During a press briefing Wednesday, General Mark Milley, the chairman of the Joint Chiefs of Staff, dodged a question about his previous comments about “white rage”, saying it’s a “very complicated topic.”
“I’m not going to address specifically white rage or black rage or Asian rage or Irish rage or English rage or German rage or any other rage. The events of the 6th of January happened, those are all going to get sorted out. Historians will sort it out, commissions will sort it out,” he said.
“But I do think it’s important that we as a professional military not only understand foreign countries and foreign cultures and societies…we also need to understand our own society and understand the soldiers, airmen, marines, and the societies they’re coming from. I think that’s important for leadership to study,” Milley added.
In June, Milley rejected the accusation that the armed forces are going ‘woke’ and defended the U.S. military academy’s incorporation of Critical Race Theory into its curriculum, claiming it’s important for cadets to have some “situational understanding” of American history.
“I want to understand white rage, and I’m white,” he commented during testimony before the House Armed Services Committee in June. “What is it that caused thousands of people to assault this building and try to overturn the Constitution of the United States of America.”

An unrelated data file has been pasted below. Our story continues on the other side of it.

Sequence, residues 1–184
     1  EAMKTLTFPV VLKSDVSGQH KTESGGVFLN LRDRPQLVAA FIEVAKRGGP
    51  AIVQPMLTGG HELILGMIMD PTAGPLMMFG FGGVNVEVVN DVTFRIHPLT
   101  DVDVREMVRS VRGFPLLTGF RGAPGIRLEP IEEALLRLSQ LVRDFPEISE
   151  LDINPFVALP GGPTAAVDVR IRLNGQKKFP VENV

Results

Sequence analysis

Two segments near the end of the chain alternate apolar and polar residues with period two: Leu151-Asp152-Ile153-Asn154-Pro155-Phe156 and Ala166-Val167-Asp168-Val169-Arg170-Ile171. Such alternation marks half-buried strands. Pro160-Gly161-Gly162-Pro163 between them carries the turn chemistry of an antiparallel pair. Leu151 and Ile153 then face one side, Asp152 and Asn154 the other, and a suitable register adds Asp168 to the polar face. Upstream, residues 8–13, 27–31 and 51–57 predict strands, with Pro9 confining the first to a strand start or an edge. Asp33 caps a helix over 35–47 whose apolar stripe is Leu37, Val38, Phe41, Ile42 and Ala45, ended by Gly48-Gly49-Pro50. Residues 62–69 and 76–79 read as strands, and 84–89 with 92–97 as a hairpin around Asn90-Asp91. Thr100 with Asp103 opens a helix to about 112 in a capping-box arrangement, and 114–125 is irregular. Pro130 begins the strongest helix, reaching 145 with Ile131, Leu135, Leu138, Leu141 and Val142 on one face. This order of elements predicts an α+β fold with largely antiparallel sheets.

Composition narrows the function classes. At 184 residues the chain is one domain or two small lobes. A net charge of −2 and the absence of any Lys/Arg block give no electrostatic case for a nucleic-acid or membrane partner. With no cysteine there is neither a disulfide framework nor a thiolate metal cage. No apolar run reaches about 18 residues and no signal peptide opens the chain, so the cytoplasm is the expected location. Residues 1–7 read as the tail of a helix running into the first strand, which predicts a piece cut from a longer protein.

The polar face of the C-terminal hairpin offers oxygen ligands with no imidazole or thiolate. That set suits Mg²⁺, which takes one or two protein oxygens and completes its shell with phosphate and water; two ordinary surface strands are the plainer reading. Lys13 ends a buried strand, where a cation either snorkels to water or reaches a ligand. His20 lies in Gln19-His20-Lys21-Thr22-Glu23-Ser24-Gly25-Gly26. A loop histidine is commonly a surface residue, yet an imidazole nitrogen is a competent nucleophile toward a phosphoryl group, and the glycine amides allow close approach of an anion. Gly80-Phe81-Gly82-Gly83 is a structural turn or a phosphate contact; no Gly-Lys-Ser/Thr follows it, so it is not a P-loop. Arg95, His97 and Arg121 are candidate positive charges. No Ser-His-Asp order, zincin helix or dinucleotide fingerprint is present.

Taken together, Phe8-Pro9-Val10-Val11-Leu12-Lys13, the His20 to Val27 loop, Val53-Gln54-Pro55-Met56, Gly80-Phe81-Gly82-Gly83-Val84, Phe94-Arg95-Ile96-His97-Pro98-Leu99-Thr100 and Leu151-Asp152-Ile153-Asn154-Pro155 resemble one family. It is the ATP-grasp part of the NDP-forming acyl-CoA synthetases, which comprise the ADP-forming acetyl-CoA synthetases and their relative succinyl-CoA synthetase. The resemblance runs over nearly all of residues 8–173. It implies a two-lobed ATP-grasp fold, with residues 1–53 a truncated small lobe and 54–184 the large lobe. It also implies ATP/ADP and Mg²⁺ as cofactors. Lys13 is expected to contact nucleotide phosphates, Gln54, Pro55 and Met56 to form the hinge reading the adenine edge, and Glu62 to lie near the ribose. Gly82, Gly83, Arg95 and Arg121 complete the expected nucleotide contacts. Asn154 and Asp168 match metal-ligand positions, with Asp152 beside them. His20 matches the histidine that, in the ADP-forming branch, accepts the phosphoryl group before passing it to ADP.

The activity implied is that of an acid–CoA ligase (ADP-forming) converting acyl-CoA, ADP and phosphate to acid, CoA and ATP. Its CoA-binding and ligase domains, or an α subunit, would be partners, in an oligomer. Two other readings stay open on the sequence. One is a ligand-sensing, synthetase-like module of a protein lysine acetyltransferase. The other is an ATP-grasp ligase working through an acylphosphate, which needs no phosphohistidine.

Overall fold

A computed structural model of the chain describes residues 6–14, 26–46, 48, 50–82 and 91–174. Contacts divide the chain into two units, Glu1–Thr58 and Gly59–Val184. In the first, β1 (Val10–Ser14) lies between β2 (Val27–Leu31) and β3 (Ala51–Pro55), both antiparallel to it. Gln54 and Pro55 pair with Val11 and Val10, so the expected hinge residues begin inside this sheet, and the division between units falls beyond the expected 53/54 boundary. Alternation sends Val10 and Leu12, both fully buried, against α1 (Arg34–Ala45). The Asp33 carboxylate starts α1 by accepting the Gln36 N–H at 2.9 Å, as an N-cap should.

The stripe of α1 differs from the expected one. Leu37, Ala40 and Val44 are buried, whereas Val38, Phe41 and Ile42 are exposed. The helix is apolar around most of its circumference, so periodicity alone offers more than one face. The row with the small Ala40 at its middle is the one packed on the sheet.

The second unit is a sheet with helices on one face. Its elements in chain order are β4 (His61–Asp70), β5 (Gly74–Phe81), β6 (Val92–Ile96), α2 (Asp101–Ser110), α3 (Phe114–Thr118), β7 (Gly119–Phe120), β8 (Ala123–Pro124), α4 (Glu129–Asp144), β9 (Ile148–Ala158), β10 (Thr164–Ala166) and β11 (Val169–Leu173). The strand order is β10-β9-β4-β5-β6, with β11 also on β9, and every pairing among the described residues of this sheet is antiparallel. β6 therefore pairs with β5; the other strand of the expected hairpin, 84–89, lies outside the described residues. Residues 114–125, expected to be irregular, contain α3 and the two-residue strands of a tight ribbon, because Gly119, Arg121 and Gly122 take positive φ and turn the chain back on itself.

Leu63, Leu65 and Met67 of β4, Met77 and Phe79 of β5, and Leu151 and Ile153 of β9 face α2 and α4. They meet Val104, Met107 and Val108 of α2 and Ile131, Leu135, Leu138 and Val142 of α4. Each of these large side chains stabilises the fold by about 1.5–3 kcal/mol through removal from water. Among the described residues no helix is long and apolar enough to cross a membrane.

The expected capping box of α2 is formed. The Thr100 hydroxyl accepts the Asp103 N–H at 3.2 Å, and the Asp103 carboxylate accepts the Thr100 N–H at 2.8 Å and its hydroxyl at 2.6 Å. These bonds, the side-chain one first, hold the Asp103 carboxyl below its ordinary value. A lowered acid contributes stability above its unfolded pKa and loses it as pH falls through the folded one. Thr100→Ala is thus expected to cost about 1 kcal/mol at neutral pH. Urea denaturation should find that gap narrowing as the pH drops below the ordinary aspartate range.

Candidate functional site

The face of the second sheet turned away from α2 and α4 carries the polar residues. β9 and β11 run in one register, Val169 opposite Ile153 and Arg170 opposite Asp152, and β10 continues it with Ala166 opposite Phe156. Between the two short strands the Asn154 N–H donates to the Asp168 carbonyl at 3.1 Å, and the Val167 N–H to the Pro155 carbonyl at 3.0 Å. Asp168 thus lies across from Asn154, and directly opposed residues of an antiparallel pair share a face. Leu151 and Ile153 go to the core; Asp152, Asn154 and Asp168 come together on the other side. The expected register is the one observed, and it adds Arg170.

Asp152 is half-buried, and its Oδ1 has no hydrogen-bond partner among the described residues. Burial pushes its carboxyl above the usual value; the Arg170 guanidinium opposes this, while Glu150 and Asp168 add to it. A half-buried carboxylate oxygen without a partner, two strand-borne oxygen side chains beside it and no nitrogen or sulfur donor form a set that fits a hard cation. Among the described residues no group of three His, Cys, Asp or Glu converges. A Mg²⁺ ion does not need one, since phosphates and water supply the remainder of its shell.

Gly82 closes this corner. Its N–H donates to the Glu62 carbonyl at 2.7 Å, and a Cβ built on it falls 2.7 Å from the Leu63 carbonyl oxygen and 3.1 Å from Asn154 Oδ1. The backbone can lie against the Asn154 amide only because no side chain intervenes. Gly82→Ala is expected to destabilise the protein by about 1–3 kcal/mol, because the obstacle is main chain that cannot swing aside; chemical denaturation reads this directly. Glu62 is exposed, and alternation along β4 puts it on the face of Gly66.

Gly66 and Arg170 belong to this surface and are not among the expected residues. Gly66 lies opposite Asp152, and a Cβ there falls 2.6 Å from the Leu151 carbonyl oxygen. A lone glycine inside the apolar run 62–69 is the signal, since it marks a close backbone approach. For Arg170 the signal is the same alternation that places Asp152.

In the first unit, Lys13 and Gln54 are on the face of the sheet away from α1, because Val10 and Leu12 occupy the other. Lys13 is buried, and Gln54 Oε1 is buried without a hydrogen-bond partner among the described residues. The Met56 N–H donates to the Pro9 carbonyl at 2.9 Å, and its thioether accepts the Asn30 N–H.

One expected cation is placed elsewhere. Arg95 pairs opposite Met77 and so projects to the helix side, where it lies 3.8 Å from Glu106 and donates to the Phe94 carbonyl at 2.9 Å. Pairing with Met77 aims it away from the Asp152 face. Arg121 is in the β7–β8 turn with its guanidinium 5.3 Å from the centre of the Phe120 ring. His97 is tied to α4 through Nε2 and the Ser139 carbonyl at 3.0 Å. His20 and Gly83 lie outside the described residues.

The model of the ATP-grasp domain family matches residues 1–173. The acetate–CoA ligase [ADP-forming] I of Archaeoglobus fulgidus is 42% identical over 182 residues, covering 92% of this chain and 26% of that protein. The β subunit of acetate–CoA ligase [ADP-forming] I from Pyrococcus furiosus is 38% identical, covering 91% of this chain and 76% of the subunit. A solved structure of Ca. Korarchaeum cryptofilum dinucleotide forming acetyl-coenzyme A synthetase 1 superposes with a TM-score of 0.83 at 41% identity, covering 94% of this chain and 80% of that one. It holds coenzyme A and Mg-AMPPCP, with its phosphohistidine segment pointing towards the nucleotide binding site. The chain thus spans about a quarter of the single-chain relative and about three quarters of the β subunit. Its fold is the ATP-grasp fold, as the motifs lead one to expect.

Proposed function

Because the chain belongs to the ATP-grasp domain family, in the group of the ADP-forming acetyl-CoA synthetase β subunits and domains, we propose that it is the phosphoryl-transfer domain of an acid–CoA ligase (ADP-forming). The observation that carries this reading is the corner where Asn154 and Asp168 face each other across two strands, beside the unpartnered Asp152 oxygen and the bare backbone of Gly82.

Representative Mike Waltz (R., Fla.) sounded the alarm on Critical Race Theory at West Point after he acquired slides from a class presentation called “Understanding Whiteness and White Rage” and a lecture slide titled “White Power at West Point.” Waltz reached out to West Point Superintendent Lieutenant General Darryl Williams in April demanding an explanation for the teachings, which he called “divisive,” “destructive,” and “unacceptable.”
Addressing the allegations that progressive indoctrination has infiltrated the U.S. military, Milley said, “The United States military is an apolitical institution. We were then, we are now. And our oath is to the Constitution, not to any individual at all. And the military did not and will not and should not ever get involved in domestic politics. We don’t arbitrate elections. That’s the job of the judiciary and the legislature and the American people.”